On September 27, Josh Mingo and Tim Overbeck from Film LA joined Film Independent Members and Moderator Paul Cowling, Film Independent’s Associate Director of Film Education, for a full night of learning all about permits, prices, location scouting and more. The key takeaway? Permits are important and always necessary—so do your homework and keep reading…
Film LA is a nonprofit organization dedicated to guiding filmmakers throughout the permit process. They also offer production-planning services. As Mingo said, “Production is a big part of LA County. We’re tasked with answering to neighbors who also have questions about filming,” adding, “Community outreach is a part of what we do here.”
Overbeck states, “We get calls everyday from filmmakers who are pulling permits or asking about locations. We try to help you, the filmmaker, figure it out before production begins.” So—have questions about filming locations? Permits? You know who to call!
When does a filmmaker need a permit?
It’s simple. A film permit is required when the project has any commercial value. If your project is meant to be distributed and sold, you need a permit—probably even a few. Something you’re making for your own enjoyment and for that of your friends and family? No permit required. However! For all of the YouTubers out there, since the videos you’re creating are considered commercial, you’re going to need a permit too.
Students: Film LA is rooting for you. They offer a lower rate for student filmmakers enrolled in accredited schools—and not just film schools!
What are the rates?
It varies, said Overbeck. “Permits can start at $25 for student projects. It boils down to how complicated your permit is, like if you’re closing down a street or setting something on fire.” The non-student cost for a production permit, at a minimum, would start at $740.
When can you get away with filming without a permit?
Overbeck noted something to think about: how running the risk of getting shut down will affect your pocketbook. The bottom line is, never assume you won’t need a permit.
“With a permit, LAPD has your back,” he said. “LAPD will stop people to the extreme—large scale productions have been shut down, where equipment has been confiscated, people have been detained…” Unfortunately, this is the price you must pay if the rules are broken or bent. However, as Mingo observed, “They’re pro-filming. LAPD isn’t out there just trying to bust people. We—they—do everything in that power to work things out.”
Now, down to the nitty-gritty: Yes, a permit is required if you’re filming on the street, yard or inside a home. Any private or public property. Even my own home, you ask? Yes!
“The minute you touch city property is when you acquire a permit.” Overbeck said. Keep in mind we’re talking in bulk about Los Angeles here. So if you’re looking to film in a hotel parking lot, a permit is required and the fire department should be contacted. Regarding drone activity, the fire department must have an officer on site. The same goes for high-rise (office or apartment) buildings. Basically, never assume you won’t need a permit.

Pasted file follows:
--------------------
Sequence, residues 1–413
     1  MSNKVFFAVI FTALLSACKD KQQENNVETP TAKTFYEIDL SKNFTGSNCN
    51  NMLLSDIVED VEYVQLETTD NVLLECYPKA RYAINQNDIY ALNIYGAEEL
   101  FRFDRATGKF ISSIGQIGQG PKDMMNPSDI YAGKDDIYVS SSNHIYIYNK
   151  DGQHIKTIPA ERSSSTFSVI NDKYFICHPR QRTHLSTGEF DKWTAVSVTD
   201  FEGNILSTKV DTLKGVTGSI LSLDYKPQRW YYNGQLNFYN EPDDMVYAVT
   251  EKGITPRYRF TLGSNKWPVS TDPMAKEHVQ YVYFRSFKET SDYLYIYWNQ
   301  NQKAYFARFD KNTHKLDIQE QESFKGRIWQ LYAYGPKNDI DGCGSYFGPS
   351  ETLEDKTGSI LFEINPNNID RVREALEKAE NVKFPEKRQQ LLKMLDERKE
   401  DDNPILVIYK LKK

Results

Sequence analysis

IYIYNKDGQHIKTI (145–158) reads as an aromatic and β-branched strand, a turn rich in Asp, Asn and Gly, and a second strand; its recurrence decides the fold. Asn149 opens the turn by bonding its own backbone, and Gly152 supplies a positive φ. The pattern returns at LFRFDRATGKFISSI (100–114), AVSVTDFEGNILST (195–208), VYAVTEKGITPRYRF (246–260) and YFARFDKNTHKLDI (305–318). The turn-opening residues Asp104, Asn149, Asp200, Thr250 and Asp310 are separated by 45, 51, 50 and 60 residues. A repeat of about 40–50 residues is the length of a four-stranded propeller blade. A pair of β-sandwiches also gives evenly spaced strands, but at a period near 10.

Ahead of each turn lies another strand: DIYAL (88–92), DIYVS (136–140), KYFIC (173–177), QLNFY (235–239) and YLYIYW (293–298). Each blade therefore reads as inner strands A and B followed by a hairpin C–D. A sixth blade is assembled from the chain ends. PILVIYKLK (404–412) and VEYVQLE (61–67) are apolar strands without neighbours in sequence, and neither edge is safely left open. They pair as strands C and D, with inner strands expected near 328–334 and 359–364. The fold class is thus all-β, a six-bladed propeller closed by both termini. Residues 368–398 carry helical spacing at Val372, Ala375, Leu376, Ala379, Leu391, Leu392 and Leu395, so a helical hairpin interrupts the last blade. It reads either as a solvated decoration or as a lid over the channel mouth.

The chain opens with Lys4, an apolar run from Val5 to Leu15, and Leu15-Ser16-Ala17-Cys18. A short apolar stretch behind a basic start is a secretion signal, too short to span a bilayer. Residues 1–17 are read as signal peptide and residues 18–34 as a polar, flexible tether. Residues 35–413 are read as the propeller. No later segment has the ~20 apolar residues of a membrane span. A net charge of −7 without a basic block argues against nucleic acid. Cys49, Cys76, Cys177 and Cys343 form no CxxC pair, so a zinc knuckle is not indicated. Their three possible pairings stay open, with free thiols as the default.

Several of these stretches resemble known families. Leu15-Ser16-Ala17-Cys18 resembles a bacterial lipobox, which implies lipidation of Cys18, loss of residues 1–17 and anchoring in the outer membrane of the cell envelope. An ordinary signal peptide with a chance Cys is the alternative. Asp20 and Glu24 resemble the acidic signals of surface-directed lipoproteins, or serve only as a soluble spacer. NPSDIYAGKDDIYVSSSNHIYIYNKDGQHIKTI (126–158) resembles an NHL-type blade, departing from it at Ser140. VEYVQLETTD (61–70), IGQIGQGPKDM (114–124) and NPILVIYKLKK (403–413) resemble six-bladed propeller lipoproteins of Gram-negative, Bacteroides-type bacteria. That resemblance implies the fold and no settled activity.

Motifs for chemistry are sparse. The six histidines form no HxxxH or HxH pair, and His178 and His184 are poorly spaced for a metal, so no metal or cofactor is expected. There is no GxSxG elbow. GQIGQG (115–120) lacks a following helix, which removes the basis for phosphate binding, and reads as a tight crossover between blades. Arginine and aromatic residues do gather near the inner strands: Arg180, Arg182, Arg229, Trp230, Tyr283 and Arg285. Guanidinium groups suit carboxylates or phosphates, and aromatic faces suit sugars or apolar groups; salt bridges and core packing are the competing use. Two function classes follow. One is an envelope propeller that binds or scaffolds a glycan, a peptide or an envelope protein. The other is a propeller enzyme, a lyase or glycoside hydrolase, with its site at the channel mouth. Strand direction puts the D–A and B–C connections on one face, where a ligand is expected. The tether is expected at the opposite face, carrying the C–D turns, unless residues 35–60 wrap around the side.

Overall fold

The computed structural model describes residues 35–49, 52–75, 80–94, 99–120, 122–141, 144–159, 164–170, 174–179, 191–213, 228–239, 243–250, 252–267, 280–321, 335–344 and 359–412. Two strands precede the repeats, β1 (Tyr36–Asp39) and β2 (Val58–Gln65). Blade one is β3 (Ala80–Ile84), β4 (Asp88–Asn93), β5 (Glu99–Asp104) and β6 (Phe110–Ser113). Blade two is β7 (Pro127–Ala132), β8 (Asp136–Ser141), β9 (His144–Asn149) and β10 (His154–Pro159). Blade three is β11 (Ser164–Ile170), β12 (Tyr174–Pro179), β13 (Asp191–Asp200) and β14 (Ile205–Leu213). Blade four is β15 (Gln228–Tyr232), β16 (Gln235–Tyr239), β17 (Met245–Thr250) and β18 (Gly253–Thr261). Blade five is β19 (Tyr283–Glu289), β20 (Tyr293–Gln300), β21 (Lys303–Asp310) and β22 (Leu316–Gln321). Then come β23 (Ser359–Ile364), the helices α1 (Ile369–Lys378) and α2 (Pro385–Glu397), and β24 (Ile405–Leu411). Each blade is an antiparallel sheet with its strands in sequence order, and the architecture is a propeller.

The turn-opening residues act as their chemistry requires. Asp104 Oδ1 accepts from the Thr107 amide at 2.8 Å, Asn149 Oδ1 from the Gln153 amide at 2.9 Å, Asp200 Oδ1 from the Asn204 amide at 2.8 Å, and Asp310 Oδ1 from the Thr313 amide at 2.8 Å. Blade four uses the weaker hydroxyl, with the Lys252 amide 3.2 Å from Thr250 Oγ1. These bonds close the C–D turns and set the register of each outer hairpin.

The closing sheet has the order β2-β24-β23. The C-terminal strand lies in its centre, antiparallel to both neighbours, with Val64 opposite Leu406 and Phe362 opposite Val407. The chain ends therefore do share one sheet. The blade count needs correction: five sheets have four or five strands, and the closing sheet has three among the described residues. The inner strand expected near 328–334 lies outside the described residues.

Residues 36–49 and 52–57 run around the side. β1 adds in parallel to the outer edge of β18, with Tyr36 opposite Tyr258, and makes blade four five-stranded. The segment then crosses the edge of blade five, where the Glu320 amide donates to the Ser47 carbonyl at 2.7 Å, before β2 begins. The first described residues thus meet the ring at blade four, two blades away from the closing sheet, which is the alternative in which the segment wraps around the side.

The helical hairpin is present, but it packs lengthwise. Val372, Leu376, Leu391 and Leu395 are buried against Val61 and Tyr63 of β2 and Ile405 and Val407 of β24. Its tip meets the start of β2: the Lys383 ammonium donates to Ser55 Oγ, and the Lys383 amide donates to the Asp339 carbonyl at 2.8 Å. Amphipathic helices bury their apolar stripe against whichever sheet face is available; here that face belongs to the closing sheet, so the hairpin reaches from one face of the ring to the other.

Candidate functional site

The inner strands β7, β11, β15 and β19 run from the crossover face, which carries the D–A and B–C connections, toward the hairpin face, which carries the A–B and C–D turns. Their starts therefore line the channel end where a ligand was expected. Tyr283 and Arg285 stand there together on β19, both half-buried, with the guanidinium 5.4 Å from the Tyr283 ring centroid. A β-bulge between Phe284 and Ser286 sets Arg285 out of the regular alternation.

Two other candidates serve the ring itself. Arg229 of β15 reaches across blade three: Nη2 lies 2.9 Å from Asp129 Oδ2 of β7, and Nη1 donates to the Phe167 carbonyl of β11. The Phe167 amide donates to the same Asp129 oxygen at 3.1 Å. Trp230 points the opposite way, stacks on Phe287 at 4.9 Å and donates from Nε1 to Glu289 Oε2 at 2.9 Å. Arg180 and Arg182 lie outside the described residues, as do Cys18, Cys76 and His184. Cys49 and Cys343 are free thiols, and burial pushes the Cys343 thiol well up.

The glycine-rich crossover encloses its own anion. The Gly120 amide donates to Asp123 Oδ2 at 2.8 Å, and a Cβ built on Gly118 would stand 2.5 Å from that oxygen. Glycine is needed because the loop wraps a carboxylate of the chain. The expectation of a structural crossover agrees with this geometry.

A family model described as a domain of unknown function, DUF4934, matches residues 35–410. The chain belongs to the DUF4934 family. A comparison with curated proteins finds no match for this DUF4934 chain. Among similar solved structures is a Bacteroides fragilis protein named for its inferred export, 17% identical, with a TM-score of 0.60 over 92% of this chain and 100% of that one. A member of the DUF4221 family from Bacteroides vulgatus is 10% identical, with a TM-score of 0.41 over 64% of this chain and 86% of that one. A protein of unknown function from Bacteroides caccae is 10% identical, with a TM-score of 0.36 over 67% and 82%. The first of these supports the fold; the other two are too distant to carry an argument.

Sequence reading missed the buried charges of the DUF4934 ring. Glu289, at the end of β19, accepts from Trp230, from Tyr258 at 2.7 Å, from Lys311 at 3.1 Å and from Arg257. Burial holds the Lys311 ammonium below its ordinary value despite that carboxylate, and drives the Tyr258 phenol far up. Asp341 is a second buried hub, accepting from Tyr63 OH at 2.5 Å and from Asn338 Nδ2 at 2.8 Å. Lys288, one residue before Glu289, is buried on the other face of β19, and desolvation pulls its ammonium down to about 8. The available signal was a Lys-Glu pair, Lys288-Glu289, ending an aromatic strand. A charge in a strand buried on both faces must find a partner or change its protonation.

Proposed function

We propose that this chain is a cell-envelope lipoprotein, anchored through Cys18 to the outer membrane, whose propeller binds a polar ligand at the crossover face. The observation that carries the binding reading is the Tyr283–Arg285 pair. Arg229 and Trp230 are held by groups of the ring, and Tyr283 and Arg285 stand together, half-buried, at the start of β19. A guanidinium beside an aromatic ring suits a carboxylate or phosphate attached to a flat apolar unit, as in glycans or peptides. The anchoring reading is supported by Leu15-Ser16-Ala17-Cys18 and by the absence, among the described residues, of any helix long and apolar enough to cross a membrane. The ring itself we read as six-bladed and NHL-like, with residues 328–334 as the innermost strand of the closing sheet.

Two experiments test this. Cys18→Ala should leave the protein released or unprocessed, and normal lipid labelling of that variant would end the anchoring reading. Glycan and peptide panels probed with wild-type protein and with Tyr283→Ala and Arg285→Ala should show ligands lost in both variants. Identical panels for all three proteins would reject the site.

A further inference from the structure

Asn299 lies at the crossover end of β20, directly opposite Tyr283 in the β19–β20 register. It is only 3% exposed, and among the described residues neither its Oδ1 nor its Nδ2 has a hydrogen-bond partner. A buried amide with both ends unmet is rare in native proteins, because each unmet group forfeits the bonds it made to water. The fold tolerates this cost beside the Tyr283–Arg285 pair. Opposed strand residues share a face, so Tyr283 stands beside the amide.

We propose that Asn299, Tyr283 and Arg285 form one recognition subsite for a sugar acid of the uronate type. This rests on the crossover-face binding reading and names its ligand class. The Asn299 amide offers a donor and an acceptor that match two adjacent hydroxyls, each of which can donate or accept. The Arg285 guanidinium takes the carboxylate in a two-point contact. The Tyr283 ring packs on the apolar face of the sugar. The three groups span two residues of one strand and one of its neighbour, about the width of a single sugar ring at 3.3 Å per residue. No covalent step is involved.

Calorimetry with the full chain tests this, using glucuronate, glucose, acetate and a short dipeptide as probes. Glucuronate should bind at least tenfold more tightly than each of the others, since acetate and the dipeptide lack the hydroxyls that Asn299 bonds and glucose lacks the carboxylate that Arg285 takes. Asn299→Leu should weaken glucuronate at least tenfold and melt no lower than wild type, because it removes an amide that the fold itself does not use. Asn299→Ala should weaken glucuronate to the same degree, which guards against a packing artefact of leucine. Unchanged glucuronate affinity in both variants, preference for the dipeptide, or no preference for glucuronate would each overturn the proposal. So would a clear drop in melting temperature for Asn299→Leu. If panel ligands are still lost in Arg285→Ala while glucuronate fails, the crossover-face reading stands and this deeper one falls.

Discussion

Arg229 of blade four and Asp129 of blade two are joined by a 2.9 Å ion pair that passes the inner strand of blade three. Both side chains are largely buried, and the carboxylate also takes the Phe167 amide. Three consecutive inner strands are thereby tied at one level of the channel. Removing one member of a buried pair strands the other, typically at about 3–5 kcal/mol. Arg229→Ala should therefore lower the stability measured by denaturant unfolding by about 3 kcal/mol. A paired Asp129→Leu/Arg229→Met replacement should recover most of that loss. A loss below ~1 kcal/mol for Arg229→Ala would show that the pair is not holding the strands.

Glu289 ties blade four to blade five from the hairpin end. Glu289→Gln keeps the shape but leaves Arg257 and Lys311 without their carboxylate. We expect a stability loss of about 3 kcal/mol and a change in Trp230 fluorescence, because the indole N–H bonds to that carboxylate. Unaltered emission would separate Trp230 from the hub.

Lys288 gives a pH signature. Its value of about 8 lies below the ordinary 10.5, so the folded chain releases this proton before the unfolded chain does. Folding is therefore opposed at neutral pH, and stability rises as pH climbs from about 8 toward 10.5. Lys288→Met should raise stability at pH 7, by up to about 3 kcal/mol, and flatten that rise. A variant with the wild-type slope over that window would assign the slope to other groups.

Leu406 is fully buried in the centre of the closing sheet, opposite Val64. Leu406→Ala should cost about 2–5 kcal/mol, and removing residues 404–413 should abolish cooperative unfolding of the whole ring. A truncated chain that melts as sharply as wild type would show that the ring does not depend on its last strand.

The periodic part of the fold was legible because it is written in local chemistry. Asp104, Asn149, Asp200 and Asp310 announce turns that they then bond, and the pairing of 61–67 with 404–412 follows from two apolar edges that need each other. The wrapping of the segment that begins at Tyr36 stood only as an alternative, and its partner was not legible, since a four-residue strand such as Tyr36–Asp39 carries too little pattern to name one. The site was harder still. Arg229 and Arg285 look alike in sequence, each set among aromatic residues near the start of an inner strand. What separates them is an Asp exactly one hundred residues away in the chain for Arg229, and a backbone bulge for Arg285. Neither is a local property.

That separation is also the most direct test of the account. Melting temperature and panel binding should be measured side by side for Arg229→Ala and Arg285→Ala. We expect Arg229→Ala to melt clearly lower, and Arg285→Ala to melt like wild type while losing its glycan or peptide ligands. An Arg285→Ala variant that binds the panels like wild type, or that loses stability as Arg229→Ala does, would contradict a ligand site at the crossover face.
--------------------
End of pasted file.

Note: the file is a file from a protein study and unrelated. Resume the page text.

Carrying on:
What triggers police officers within LA city?
Impact on traffic or roadways—this is key. Any setup that holds traffic, such as closure of the street, will require officers to be on site.
Remember, the more complicated the shoot, the more officers required and fees might go up. Luckily, Film LA is available 24/7 and will spell out the guidelines when there’s a request for an activity. “We can always help with a phone call.” Mingo noted.
How can I search for locations?
Mathieu Goudot from Giggster, also in attendance, jumped in. “Property managers put their locations up, you can browse online, contact the owner, set up scouts and book everything online by credit card.” Simple and easy!
A word about LAUSD properties: We all know shooting at schools gets pricey—LAUSD schools run into the $1,000s. With that in mind, look to private schools! Probably the only time an LA private school will be cheaper than its county equivalent.
What about parking?
“All permits will reflect no cast and crew parking on streets.” Overbeck stated. Cars must be on private parking during shoots. Your best bet is probably a church parking lot. “It’s like you’re a guest in these neighborhoods, make sure there’s an awareness that people live or work here.”
When money is on the line, take a moment to ask yourself, is it really worth the risk? Is it worth getting shut down? Is the added anxiety worthwhile? No! According to municipal codes, the location manager and first AD would be held responsible if a production was shut down in Los Angeles. This means getting arrested; the responsibility must fall on someone’s shoulders when operating without a permit. These are the rules.
As a final tip, if you’re looking to imitate New York, Downtown LA has pockets which have a NY feel and is used to replicate the city often. Griffith Park also has great filming locations, various caves and forests. It’s really all about the camera angles.
You can create so many distinct looks with different feels in this town. The landscape is huge and there’s room to play and explore—so long as you don’t forget the permitting process!